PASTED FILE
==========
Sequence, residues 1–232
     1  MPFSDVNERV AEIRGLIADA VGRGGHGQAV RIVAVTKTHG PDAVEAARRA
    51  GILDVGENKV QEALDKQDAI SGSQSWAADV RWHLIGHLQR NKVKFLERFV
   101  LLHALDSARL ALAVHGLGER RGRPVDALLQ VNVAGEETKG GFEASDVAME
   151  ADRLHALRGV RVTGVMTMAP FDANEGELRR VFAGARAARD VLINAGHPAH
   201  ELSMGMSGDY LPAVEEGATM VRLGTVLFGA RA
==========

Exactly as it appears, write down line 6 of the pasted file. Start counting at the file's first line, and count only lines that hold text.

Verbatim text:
   201  ELSMGMSGDY LPAVEEGATM VRLGTVLFGA RA